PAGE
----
Employment-related litigations often differ from other legal proceedings because they typically encompass a series of events rather than one isolated incident. Effectively litigating an employment case demands a thorough grasp of the client’s workplace, their responsibilities, and a deep understanding of the client. A strong case is built upon a client who executed their job responsibly, communicated effectively, and above all, is truthful.
An initial assessment should involve connecting with colleagues either confidentially or openly, scrutinizing the client’s documented interactions, and spending ample time understanding them to gauge their potential testimony. Jurors, most of whom have job experience, will often reflect on the compatibility of your client as a colleague.
If you have questions about your own legal situation and require a free legal consultation, contact PLBH at (800) 435-7542 for assistance.
Unlocking the Complete Narrative through Discovery
Oftentimes, clients only possess a fragment of the story when they first approach legal counsel. Vital correspondence and documents are often missing from their cache. It’s crucial to acquire these documents early on, ensuring you have the full context. If these documents unveil unsettling facts, it’s beneficial to understand your client’s perspective on them. The goal is to showcase any negative remarks as biased, suggesting a possible double standard in treatment.
Equipping your client with these documents well ahead of depositions can be the linchpin to keeping the case robust. When gearing them up, underline the major themes and what needs validation. Despite the prohibition on contention interrogatories during depositions, clients should articulate how they faced discrimination or harassment. When cross-examining the defendant’s witnesses, understanding company policies can prove advantageous. Highlighting any deviations the company made from its own policies can be a pivotal strategy.
Defendants often craft their version of the narrative, sometimes sprinkling in untruths about your client. Staying focused on the primary themes and employing them during openings, witness cross-examinations, and conclusions can be a winning strategy.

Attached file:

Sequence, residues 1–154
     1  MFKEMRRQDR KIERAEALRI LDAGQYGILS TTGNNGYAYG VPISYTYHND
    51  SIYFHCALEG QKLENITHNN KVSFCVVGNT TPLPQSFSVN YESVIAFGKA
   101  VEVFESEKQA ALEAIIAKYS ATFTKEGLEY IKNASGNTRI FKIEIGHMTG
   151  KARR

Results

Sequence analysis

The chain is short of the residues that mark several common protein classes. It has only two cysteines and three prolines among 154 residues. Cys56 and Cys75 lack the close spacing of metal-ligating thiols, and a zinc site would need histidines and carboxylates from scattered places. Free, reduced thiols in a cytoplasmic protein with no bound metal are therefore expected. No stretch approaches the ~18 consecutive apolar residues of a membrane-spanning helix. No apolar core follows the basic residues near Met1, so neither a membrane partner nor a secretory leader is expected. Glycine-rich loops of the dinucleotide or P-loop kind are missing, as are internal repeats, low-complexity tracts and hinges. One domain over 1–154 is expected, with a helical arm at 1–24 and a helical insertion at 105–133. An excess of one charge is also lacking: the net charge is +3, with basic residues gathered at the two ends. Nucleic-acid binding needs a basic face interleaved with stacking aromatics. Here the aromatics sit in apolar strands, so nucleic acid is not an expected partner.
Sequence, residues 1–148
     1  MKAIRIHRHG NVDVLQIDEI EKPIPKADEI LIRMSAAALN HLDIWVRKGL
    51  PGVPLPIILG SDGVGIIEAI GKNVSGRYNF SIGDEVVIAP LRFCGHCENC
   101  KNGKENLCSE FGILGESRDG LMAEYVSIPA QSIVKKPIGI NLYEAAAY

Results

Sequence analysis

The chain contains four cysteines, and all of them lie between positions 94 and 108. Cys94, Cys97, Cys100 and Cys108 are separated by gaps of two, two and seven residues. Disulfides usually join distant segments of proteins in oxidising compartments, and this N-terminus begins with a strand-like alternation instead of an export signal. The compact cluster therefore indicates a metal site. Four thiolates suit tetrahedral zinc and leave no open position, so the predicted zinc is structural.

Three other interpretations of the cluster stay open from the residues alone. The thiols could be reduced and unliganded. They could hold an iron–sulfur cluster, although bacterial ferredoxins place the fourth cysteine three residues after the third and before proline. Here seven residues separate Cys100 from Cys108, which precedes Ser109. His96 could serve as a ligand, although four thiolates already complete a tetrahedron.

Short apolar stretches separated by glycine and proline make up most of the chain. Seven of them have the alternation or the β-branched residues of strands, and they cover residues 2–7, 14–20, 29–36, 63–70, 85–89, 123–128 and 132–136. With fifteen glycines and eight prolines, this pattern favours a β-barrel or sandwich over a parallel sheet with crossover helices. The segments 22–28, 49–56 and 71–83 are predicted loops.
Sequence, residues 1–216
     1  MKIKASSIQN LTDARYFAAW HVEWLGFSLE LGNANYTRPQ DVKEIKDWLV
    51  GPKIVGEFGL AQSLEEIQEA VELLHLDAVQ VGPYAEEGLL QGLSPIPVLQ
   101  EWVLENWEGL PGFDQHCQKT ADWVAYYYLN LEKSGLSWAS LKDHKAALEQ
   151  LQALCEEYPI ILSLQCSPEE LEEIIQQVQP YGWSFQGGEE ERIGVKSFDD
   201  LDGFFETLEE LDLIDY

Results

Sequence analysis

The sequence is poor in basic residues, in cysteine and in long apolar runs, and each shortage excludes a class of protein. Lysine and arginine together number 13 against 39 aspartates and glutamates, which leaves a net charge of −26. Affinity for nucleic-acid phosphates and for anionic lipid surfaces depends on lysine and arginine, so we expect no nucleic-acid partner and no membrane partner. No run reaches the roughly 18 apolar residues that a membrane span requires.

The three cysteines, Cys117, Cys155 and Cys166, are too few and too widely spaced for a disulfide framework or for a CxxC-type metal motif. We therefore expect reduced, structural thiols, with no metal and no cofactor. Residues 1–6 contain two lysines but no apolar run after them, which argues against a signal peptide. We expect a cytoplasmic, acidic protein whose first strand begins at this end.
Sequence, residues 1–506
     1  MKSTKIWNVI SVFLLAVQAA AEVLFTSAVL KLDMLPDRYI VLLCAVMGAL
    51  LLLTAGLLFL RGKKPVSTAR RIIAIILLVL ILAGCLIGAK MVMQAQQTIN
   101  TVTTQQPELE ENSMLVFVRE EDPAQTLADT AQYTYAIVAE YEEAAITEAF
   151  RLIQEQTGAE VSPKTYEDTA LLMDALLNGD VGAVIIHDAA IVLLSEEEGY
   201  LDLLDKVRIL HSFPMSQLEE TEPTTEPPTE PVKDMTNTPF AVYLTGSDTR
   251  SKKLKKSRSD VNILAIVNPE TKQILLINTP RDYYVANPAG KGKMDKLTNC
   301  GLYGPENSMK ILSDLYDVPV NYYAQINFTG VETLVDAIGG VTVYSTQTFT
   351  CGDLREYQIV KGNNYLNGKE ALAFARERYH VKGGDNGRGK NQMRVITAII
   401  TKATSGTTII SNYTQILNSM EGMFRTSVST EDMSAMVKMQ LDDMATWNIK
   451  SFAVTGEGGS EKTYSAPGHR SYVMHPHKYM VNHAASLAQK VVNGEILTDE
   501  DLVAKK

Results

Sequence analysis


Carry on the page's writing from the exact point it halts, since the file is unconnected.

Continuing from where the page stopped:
Deep Diving into Documentation
Documents produced by defendants can sometimes appear to counteract your client’s claims. Yet, there are strategies to debunk or reinterpret these documents. For instance, in an employment case, seemingly disadvantageous emails can be repositioned as evidence supporting our client’s claims.
The Power of Demonstrative Evidence
While handling key evidences, being persistent can tip the scales in your favor. Should a crucial piece of evidence remain unproduced post initial discovery, intensify your demands. When a document finally surfaces but is redacted or lacking crucial details, request an unadulterated version. Defendants might raise a barrage of objections, making motions to compel almost a staple in employment cases. Using these pieces of evidence effectively in trial by visually representing them can be compelling.
Witness Credibility: A Double-Edged Sword
Defendants often introduce unexpected witnesses. It’s imperative to research these witnesses extensively, leveraging any available information. For instance, in one case, a key witness’s prior record drastically impacted his credibility.
Furthermore, depositions are invaluable for contradicting witnesses during trials. The saying, “a liar never remembers what they say,” emphasizes the power of consistent questioning.
Evidence and Witness Instructions: The Jury’s Guide
It’s fundamental to understand that evidence isn’t just material but can be testimonies, opinions, and observations. In civil cases, the plaintiff only needs to prove that the defendant is likely responsible for the harm caused, not establish absolute certainty.
Employment trials can sometimes feel like several intertwined tales of interpersonal conflicts, especially when allegations of racial or sexual harassment are at the core. The trustworthiness of testimonies is paramount for a favorable verdict. Discrediting counter-witnesses while emphasizing the integrity and risk faced by supportive witnesses can shift the balance.